Do you ever look at photos of beautiful bento-box lunches and think, I could never do that?
Oh, but you could, according to bento box Pinterest queen Wendy Copley, a mother of two. She shared some baby steps to better lunches to TODAY Parents.
“At heart, it’s just putting food in a box! Start simply! You don’t have to make super-complicated food art to make lunches fun for your children,” says Copley, who lives in El Cerrito, California and blogs at Wendolonia. Last year, she wrote Everyday Bento: 50 Cute and Yummy Lunches to Go, and offers readers a bento gallery on her blog, highlighting the lunches she packs for sons Wyatt, 10, and Augie, 6.
While working on a year-end wrap up of lunches created in 2014, Copley recently created a video beautifully displaying 365 bento boxes she had made throughout the year.
“Bentos add a bit of fun and creativity to lunch-packing — an activity that can easily turn into a dreaded chore,” said Copley, who lets her boys help in creations ranging from robots and animals to Star Wars characters. She also finds satisfaction in filling up bentos with leftovers and limiting the waste created by her family.
Copley says there are misconceptions about the difficulty of bento-box-making, adding that these types of lunches aren’t as complicated to put together as people think.
For those who watch Copley’s video and doubt their own ability to create similar lunches, here are her five foolproof tips for bento success:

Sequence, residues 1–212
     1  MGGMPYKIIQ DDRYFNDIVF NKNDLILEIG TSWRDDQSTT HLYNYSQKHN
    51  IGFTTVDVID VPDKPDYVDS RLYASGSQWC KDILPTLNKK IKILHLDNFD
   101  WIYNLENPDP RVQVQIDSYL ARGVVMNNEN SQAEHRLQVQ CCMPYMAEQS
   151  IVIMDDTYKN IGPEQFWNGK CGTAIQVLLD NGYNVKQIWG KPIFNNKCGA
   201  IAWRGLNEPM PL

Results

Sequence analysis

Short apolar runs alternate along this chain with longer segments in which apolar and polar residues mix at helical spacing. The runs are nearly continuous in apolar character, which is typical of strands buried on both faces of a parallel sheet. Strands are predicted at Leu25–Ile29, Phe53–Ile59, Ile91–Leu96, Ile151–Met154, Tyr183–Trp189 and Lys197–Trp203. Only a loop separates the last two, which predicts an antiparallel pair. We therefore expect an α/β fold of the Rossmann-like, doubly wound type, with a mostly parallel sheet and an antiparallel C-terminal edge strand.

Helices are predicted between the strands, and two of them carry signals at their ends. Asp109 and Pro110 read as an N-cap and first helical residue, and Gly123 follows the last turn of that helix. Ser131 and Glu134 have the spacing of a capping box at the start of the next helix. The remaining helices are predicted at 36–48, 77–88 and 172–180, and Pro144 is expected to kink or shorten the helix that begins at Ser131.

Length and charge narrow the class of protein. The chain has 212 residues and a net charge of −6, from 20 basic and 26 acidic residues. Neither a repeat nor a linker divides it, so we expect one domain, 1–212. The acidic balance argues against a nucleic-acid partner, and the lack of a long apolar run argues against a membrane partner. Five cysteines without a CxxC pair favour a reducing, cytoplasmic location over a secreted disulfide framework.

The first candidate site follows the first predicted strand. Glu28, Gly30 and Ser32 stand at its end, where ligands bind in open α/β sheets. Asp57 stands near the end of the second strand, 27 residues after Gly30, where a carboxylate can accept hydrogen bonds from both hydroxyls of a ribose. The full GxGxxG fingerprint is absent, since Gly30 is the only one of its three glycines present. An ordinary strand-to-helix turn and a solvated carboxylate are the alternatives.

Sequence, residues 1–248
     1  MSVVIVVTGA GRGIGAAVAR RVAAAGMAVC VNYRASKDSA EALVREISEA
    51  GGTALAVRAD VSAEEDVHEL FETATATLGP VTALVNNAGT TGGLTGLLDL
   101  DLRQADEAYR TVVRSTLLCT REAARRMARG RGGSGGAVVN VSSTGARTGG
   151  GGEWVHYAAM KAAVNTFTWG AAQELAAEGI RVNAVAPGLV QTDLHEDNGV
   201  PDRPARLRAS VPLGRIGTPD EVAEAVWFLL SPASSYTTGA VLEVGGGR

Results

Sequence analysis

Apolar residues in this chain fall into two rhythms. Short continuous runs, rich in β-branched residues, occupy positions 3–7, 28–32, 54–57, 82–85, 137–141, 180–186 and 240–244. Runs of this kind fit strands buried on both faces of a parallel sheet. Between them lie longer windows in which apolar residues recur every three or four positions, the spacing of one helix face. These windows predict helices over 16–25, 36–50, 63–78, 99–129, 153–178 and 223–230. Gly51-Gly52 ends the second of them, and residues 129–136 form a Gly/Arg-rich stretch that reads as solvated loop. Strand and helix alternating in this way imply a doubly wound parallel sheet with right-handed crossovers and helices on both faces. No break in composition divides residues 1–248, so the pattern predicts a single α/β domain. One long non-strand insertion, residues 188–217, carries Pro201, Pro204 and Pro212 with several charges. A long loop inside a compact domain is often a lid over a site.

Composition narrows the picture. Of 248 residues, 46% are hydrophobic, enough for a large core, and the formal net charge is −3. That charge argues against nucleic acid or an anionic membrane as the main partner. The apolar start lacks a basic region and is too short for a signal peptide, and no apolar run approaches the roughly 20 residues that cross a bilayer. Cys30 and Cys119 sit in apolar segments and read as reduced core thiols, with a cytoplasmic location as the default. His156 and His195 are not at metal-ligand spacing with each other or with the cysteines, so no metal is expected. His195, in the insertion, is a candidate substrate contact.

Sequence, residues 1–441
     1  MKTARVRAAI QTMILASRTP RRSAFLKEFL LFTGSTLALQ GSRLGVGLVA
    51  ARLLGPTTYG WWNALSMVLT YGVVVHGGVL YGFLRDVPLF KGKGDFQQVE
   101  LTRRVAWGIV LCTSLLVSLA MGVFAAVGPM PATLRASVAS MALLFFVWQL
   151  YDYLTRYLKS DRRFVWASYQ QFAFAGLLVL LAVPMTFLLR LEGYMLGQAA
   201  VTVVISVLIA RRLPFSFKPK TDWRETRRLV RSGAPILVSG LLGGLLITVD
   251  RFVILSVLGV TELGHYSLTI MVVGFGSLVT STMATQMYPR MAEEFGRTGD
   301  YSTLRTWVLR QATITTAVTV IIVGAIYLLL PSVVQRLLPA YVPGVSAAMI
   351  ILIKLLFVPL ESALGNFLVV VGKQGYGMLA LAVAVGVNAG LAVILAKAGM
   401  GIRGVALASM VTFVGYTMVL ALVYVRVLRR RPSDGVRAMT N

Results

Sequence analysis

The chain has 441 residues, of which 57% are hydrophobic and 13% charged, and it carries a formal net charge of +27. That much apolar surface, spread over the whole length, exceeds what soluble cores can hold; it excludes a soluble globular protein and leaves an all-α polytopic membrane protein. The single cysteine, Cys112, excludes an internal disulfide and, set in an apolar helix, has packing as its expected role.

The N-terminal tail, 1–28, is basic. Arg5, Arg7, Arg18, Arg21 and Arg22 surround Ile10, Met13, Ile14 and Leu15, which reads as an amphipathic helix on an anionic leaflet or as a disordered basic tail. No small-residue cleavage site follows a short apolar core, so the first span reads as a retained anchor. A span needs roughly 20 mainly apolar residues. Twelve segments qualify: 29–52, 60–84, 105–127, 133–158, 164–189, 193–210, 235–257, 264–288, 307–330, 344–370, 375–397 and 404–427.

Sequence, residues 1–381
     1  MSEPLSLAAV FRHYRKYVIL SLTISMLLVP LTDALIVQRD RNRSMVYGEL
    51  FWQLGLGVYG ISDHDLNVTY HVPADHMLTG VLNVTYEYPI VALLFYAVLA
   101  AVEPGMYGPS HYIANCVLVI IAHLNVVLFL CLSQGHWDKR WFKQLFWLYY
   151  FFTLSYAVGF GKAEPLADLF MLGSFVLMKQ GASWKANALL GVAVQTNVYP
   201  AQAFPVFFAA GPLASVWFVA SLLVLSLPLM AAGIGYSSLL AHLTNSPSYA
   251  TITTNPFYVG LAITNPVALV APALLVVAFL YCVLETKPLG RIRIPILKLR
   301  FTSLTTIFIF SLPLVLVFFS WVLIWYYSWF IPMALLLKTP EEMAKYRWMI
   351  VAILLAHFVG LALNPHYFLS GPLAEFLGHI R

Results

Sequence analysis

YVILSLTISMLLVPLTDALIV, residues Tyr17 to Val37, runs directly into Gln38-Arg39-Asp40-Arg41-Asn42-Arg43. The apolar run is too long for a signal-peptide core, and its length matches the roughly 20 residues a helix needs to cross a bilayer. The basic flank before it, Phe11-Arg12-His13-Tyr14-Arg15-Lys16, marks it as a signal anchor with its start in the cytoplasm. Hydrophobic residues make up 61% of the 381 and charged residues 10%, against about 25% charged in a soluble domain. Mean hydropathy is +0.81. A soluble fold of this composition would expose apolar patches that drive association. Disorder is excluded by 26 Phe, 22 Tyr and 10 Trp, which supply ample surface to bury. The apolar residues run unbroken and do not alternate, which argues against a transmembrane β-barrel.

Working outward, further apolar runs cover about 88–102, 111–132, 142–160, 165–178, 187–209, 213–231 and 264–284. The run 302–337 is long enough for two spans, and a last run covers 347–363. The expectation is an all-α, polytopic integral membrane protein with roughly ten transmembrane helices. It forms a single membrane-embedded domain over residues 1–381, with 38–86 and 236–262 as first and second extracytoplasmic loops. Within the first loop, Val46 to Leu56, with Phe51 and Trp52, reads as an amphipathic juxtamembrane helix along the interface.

1. Mix it up. Go for a balance of flavors and textures in each lunch. Add some foods that are savory, others that are sweet, crunchy, creamy, etc.
2. Go big with color. Try to pack three to five different colors in each box. Doing so will naturally result in lots of healthy fruits and vegetables in each lunch.
3. Packing matters. Neatly pack the food into different sections in the lunch box. Even if this is all you do, the lunch will look beautiful! A divided lunch box helps a lot with this, but you can also use a flat food storage container and cupcake wrappers to keep food from mixing together (silicone cups work especially well for this.) Make sure you pack the box tightly so that the food doesn’t all mix together.
4. Be a cut up. Most kitchens already have a few cookie cutters tucked away in a drawer – use them! Sandwiches are perfect for cutting into shapes, but you can also cut cheese, sliced deli meat, fruits and vegetables. Kids love this!
5. Get picky. When kids are old enough to handle them safely, cupcake picks (toothpicks with paper designs) are a fun and inexpensive way to incorporate kids’ interests in a lunch box. Use them to make little skewers of grapes, cheese cubes, or cherry tomatoes.